I have criticized a number of times Econophysics as a rather naive venture of physicists into Economics, where there is too much focus on "automatic" data exploration and too little use of theory and understanding of what the data measure. But may it is just my prejudice against and my ignorance of Econophysics.
B. G. Sharma, Sadhana Agrawal, Malti Sharma, D. P. Bisen and Ravi Sharma offer in six pages an account of what Econophysics is, what its goals are, what it can contribute and where it is headed. The basic idea is that economic agents are like particles in that they are in large numbers and interact in complex ways. The dynamics of such complex processes are studied with powerful statistical tools in Physics, and physicists think that this should also apply to Economics. The focus is very much on the stock market, probably because physicists have realized where money can be made. There is no sense that there would be an attempt to improve welfare. They are also much more likely to completely discard a model in one set of observations does not corroborate it. Physicists are especially critical of how economists stick to rejected dogmas and of their inability to explain how small shocks can pan out into large crises.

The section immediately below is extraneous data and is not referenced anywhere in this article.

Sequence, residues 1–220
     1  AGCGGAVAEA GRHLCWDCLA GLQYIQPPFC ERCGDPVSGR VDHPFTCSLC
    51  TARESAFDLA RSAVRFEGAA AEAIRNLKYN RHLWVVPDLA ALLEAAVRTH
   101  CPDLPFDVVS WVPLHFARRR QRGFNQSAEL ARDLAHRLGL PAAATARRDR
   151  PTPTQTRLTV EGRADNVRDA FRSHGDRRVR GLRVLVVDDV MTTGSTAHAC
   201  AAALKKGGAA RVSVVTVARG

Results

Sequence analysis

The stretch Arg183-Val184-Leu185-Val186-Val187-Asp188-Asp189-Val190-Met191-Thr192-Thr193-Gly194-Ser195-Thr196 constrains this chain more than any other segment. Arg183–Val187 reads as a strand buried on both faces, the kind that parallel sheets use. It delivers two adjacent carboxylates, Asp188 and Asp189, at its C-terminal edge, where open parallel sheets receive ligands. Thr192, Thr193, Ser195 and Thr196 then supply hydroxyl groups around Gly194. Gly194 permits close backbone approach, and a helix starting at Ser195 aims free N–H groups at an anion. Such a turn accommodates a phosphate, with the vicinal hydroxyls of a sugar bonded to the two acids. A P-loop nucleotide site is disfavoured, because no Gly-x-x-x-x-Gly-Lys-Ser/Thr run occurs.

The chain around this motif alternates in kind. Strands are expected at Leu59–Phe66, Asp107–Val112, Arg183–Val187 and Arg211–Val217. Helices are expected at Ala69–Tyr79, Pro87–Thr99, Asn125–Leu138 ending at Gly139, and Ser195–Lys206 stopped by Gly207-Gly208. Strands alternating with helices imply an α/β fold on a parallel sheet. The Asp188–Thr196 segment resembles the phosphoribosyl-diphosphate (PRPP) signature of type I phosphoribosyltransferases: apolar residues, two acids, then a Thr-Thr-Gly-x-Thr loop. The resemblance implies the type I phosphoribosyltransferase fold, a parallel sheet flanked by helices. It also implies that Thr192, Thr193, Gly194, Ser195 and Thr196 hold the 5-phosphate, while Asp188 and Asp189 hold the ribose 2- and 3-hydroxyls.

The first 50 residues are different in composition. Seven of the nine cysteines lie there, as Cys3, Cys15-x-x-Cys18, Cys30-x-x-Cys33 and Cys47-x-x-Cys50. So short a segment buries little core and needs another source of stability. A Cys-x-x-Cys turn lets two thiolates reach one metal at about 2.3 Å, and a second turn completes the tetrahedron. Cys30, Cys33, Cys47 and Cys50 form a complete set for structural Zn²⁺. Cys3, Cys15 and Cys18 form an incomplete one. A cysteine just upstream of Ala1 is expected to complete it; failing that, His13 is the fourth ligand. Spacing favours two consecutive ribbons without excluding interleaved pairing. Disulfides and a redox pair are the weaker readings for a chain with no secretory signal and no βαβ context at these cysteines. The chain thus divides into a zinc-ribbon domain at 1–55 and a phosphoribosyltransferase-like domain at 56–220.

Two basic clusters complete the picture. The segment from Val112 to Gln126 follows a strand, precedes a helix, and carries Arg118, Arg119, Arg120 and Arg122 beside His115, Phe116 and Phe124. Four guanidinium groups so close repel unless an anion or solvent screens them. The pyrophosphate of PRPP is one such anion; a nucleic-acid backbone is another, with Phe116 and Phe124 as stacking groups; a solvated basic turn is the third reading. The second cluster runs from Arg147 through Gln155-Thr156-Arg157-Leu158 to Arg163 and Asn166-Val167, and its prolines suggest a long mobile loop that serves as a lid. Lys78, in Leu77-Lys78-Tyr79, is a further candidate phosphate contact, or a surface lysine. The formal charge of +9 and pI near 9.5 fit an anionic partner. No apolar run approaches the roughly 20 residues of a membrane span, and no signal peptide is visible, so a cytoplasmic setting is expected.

The focus is really on the description of data process and documenting there statistical properties. In particular, econophysicists want to find ways to exploit even the smallest opportunities for arbitrage by finding, often through obscure and complex black box processes, the right price of an asset at any moment in time. However, there is no attempt at understanding why these arbitrage opportunities arise, say because of some form of irrationality, asymmetric information or perverse interactions in the price mechanism. From this I conclude that Econophysics can be interesting to make money on the stock market, but at least at this point, does not help us in any way in understanding why the world is like it is. Which I find rather ironic for Physics.